April Fools! But wouldn’t that be something? Until the technology is all there most schools are sticking with the ACT and SAT. Check out our free resources to make sure your student is ready!
As many of you may have noticed, our blog has been a bit quiet lately. That’s because we have been gearing up to make big changes. We are happy to announce that BWS Education Consulting will now be offering college counseling! College counseling is a service that helps guide students through the process of applying for colleges. From creating a list to making a final decision, a college counselor is there to help. You may be wondering why you would want a counselor besides your school counselor: we can give you more support. Your school counselor is a wonderful resource but quite often you are simply not a priority because he or she has a couple hundred other students. With our private counselor you’ll be one of only a dozen students so you can know that you’ll get the help you need when you need it. Check back soon for the first blog from our new college counselor Michal; she’ll talk about what colleges want to see on your application!
- Online Textbook Resources. Virtually every major textbook has a companion website, complete with practice quizzes, chapter summaries, and multimedia learning tools. Strangely, most teachers never have their students use these resources. Use them yourself! Try to find the exact companion website for your textbook through Google. If that fails, try to find a textbook that covers the same topic as your class but which actually has a good companion website that you can use. Here are a couple of great examples:
- Khan Academy. Khan is a wonderful website that has inspired much of what I have created and written. Especially with Math and Science, Khan can give you in-depth instruction on topics that are giving you difficulty:
- Youtube. You will find tutorials on virtually any subject – when I taught high school, some of the “philosophy in 30 seconds” videos were remarkable in helping students quickly grasp a difficult concept. Search for yourself:
- School Resources. Your library may have access to fantastic subscription databases and study tools that you can use. They probably paid hundreds or thousands of dollars for these, so put them to use! If your school library doesn’t have them, check with your public library. For an article detailing some of the changes that school libraries have made, please see here:
- Past Tests. Talk to your teacher about using past tests for practice, or try to borrow them from other students (without cheating of course!). Using these will help you see how the teacher generally asks questions so that you will know how to focus your studying.
- Course-notes.org. They have a great collection of subject notes, particularly for AP exams. Great to use as a supplement to your textbook:
- Powerpoint Search. There is no need for you to learn from a terrible powerpoint in class – there are PLENTY of powerpoints out there that you can use free of charge. Simply go to google, type in the term for which you want a powerpoint, and then type in “ filetype:ppt ”. When I taught high school, I often used this to save time in making lecture notes for my classes.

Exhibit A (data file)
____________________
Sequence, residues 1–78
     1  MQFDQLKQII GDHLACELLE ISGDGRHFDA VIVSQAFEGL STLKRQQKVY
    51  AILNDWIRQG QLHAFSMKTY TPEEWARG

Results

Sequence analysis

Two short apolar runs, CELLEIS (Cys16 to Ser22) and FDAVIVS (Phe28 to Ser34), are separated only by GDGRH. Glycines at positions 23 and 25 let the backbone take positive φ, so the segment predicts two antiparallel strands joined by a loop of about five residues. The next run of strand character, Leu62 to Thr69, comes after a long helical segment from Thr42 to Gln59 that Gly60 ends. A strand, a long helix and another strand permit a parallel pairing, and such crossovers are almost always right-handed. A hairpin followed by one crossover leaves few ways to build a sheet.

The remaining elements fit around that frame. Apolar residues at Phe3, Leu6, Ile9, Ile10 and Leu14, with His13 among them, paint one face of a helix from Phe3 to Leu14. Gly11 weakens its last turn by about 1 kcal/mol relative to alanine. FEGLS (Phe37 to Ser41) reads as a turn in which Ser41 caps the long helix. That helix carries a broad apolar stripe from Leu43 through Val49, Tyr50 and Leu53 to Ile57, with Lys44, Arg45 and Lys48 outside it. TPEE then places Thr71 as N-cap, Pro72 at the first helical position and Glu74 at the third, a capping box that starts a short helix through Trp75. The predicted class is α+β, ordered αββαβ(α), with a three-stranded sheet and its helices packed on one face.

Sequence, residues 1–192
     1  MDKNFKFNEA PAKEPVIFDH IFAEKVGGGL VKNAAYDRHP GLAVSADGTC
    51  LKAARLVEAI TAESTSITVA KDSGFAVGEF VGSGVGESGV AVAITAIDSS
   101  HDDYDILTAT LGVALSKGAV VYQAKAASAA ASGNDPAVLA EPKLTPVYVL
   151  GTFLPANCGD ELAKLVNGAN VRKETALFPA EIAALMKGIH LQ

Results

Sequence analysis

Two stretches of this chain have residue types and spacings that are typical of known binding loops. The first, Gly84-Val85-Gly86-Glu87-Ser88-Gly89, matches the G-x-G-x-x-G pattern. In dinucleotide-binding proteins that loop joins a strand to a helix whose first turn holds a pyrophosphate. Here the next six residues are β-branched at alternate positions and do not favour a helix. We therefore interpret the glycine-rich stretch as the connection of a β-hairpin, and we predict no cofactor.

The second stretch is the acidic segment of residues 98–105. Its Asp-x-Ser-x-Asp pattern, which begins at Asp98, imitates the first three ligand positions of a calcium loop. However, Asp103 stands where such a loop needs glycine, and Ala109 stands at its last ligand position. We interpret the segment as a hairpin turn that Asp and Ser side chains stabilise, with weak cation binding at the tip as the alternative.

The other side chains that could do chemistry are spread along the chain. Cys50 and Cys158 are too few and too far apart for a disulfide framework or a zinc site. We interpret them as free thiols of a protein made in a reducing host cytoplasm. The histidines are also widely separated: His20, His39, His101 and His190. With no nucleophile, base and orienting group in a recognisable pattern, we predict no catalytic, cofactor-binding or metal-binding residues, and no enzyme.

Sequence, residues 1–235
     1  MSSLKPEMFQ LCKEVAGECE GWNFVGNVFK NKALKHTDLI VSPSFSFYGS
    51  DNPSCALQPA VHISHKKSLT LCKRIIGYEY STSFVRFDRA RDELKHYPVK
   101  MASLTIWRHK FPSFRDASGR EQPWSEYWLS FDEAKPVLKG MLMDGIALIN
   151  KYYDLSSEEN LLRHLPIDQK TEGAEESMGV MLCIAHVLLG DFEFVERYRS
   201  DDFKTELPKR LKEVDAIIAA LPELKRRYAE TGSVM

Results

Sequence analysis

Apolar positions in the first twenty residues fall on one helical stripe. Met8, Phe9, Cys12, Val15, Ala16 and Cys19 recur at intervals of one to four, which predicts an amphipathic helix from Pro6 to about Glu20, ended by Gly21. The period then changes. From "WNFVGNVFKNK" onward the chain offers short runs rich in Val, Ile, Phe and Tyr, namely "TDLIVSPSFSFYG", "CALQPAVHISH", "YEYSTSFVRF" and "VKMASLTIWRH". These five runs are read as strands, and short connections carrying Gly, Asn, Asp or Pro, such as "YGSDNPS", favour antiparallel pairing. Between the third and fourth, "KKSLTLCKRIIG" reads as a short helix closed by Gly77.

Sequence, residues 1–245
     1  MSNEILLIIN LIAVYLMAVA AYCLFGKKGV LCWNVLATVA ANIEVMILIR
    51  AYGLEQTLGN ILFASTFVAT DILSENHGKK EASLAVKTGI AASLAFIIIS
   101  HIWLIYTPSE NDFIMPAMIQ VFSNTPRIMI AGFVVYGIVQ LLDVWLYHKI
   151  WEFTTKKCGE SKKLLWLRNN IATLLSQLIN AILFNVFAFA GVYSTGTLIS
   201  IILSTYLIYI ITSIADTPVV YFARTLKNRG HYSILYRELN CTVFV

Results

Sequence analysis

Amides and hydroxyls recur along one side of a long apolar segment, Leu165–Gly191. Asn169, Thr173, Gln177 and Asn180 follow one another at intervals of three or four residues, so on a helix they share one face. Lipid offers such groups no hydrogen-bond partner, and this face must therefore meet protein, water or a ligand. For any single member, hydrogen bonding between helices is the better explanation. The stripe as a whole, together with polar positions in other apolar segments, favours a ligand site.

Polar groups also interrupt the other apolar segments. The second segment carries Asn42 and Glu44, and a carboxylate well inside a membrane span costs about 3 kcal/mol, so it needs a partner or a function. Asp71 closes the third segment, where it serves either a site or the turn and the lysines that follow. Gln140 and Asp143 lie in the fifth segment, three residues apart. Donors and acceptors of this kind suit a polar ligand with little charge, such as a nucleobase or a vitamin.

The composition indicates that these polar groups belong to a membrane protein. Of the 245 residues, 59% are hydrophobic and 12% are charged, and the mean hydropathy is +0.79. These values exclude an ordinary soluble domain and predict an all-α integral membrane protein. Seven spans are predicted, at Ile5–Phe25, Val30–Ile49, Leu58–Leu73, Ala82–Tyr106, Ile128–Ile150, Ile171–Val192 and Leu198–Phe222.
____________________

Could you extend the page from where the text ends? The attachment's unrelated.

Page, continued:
- College Help Sites for their students, (especially with writing). Many top-notch colleges have compiled outstanding resources for their struggling students, and you can access them for yourself! Here are two of my favorites:
- Ask students in same class at other schools to share what their teacher has done. If you are in an Advanced Placement or Honors Course, reach out to your friends in other schools. Those schools may have teachers of the same course you are in is doing a much better job than your teacher. See what resources, notes, and old tests you can check out from them.
- Purchase the teacher editions and AP resources yourself. As long as you are not cheating by looking at a test bank that you know a teacher is using to generate test questions, I see nothing wrong with supplementing your learning by acquiring the textbook teacher editions and resources for yourself. If several of your peers are in a similar situation, pool your money and purchase the book together. You can find the teacher editions for most textbooks on amazon.com. If you would like access to teacher resources for AP courses, here is where you can find them:
I hope you found this article helpful. If so, please share it with your friends! Thanks, Brian Stewart
Over the years, I have recommended that many of my students consider applying to the University of Toronto. After all, it is one of the most highly ranked universities worldwide, and is closer to Ohio than many schools on the East Coast of the United States. I had the opportunity to visit the city of Toronto and its university for the first time this past week, and I was greatly impressed with everything I saw. Toronto is a highly educated, cosmopolitan, thriving metropolis. If you are a resident of the greater Toronto area and you are interested in having us teach a class in ACT or SAT test preparation, please email our company at firstname.lastname@example.org and we will do our best to come to an arrangement. If we are not able to come to Toronto in person, we can conduct online classes or tutoring via Skype.